Correlative expressions (both, and; not, but; not only, but also; either, or; first, second, third; and the like) should be followed by the same grammatical construction. Many violations of this rule can be corrected by rearranging the sentence.

 Faulty Parallelism Corrected Version It was both a long ceremony and very tedious. The ceremony was both long and tedious. A time not for words, but action A time not for words, but for action Either you must grant his request or incur his ill will. You must either grant his request or incur his ill will. My objections are, first, the injustice of the measure; second, that it is unconstitutional. My objections are, first, that the measure is unjust; second, that it is unconstitutional.

When making comparisons, the things you compare should be couched in parallel structures whenever that is possible and appropriate.

 Faulty Parallelism Corrected Version My income is smaller than my wife. My income is smaller than my wife’s.
 Parallel Structures Select the sentence that illustrates the use of proper parallel construction

1.

Phuong Tran has wit, charm, and she has an extremely pleasant personality.
Phuong Tran has wit, charm, and a pleasing personality.

2.
In English class, Tashonda learned to read poems critically and to appreciate good prose.
In English class, Tashonda learned to read poems critically and she appreciated good prose.

3.
Raoul’s QPA is higher than Ralph.
Raoul’s QPA is higher than Ralph’s.

4.
He wanted three things out of college: to learn a skill, to make good friends, and to learn about life.
He wanted three things out of college: to learn a skill, to make good friends, and learning about life.

5.
Coach Espinoza was a brilliant strategist, a caring mentor, and a wise friend.
Coach Espinoza was a brilliant strategist, a caring mentor, and friend.

6.
We found the film repulsive, offensive, and we thought it was embarrassing.
We found the film repulsive, offensive, and embarrassing.

7.
Mr. Nguyen kept his store clean, neat, and he made it conveniently arranged.
Mr. Nguyen kept his store clean, neat, and conveniently arranged.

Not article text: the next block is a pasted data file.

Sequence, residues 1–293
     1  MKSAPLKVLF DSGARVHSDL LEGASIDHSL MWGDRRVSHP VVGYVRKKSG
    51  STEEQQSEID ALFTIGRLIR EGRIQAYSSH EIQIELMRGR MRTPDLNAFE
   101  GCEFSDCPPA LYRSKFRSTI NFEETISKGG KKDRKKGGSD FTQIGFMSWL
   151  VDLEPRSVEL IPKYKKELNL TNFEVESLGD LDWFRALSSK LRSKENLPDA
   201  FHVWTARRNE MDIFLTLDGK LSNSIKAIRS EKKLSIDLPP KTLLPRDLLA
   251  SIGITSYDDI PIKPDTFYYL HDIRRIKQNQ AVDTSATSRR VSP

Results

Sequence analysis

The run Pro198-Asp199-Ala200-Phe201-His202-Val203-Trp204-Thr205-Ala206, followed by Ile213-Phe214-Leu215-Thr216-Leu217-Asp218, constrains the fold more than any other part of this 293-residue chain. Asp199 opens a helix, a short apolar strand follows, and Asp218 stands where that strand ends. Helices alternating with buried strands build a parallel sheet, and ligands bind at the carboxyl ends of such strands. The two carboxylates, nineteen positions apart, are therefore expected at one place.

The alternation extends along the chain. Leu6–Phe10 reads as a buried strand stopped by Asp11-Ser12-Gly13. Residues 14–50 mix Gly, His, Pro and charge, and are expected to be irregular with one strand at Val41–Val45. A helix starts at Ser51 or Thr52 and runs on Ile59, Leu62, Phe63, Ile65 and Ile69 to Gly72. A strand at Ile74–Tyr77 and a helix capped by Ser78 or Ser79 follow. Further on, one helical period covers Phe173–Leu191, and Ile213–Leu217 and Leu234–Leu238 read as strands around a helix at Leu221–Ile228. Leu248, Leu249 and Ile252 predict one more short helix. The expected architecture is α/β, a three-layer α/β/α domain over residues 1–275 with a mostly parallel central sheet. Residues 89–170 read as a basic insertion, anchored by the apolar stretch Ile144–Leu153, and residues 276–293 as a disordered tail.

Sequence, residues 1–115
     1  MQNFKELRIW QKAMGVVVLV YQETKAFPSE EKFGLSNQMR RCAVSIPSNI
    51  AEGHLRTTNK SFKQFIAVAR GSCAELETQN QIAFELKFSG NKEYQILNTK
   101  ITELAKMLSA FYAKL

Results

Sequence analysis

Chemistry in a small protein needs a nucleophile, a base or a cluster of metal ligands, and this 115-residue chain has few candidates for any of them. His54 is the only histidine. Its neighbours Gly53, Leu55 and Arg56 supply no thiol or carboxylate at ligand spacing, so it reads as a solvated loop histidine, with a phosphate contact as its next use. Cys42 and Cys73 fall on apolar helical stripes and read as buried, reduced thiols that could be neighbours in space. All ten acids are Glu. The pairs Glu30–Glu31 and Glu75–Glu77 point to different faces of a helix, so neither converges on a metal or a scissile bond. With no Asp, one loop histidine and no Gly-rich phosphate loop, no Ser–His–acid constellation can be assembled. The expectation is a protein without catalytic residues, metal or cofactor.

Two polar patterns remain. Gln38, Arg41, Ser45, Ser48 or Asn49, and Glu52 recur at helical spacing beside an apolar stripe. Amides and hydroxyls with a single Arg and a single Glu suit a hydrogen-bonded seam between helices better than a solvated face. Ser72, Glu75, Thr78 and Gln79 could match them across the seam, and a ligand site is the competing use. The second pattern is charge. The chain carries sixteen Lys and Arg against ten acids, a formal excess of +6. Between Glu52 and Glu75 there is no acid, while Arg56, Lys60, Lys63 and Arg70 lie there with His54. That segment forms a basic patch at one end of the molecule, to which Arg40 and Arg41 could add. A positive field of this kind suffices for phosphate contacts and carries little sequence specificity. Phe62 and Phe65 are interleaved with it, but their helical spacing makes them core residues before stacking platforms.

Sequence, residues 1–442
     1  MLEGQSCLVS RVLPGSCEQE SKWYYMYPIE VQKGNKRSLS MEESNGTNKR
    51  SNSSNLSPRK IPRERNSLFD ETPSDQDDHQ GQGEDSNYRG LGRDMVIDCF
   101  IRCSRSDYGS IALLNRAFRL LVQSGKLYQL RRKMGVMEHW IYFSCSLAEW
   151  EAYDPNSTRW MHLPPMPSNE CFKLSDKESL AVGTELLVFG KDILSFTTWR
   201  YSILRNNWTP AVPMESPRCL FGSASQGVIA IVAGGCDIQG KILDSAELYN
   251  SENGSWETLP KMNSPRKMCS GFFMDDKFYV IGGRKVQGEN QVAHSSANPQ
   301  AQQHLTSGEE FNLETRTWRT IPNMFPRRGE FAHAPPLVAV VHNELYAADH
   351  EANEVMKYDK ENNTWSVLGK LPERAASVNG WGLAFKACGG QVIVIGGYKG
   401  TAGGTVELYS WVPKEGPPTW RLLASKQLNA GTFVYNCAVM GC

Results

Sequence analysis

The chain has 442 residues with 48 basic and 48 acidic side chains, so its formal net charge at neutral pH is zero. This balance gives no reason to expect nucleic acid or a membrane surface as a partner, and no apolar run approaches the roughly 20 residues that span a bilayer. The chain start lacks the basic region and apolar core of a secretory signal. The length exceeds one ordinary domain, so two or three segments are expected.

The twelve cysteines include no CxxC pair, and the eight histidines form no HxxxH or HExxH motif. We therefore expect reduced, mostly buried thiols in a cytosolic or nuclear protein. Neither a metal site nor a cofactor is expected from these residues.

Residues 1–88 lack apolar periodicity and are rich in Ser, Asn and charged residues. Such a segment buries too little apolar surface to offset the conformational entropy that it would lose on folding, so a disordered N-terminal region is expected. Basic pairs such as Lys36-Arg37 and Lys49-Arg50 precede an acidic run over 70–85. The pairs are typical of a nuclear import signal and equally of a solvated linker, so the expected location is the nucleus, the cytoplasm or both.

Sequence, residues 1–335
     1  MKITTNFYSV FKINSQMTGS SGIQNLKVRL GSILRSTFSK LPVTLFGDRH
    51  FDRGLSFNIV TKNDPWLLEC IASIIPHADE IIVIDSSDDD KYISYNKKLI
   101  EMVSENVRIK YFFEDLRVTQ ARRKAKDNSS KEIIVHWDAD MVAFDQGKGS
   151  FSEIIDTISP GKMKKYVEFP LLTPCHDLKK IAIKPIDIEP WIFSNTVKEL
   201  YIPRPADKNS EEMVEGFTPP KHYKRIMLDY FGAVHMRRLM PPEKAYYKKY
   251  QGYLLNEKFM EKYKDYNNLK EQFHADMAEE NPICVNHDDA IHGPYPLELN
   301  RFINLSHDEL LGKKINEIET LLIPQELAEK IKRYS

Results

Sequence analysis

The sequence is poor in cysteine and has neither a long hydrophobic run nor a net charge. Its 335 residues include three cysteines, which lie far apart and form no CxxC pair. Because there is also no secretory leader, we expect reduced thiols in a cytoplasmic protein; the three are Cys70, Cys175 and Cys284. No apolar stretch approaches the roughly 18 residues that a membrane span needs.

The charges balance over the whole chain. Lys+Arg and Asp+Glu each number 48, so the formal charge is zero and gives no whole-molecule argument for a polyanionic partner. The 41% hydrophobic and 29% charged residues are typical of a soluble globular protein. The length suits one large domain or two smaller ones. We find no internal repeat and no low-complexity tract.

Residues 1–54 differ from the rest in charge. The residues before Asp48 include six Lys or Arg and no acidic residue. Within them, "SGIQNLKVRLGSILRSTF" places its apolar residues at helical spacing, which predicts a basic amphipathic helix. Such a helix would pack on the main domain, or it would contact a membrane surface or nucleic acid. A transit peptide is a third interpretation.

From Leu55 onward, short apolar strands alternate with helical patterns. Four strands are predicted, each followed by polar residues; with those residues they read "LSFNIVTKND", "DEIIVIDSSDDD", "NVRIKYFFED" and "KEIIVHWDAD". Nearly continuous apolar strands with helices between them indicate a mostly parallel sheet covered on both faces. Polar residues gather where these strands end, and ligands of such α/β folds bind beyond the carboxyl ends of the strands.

8.
Professor Ali rewarded his students for working hard on the final project and going beyond the call of duty.
Professor Ali rewarded his students for their hard work on the final project and going beyond the call of duty.

9.
There’s nothing I like better than finding a good trout stream, setting up camp, and spending a couple of days fishing.
There’s nothing I like better than finding a good trout stream, setting up camp, and to spend a couple of days fishing.

 Second Exercise in Parallelism

Directions: The following sentences could be improved with the use of proper parallel constructions.

There is, however, no single right answer to these rewrites.

1. Espinoza’s style was remarkable for its dexterity, grace, and she could play any position.

2. Raoul’s motivation to succeed in this program seems to be greater than his sister.

3. Three of the great Indian nations in the Central Plains are the Cherokee, the Choctaw, and Comanche.

4. Either you will begin to study now or risk failing the exam.

5. The college has space for a new computer lab but not a faculty lounge.

6. Her conditions for signing the contract are, first, the commissioner has to approve the terms; second, that the other players must sign as well.

7. Carlos wasted his first year at college by not studying enough and spending too much time at parties.

8. We have no doubt about her care and interest in the proposal.

9. The students prepared for their exams at home, they spent extra hours with their tutors, they did the necessary research in the library, and asked questions in their classrooms.

QUESTION 3

Directions: Read the following sentences.  If the sentence is correct, don’t change anything.  If the sentence is incorrect, find the parallel structure problem and fix it.

1. The factory workers were ready, able, and were quite determined to do a great job.

2. The computer network is safer, stronger, and more secure.

3.  We cannot be worried or terrified of difficulties in life.

4.  The actor taught his student how to read, how to stand, how to cry, and to talk with fans.

5.  The requirements for a chemistry degree are not as strict as a medical degree.

6.  Either you can join the army or the navy.

7.  The reorganization of the company is neither simple nor it will be cheap.

8.  When I was in high school, I learned piano and how to play the guitar.

9.  Fred supports the idea because, first, its simplicity; second, it is unique.

10.  They are either our friends or they are not.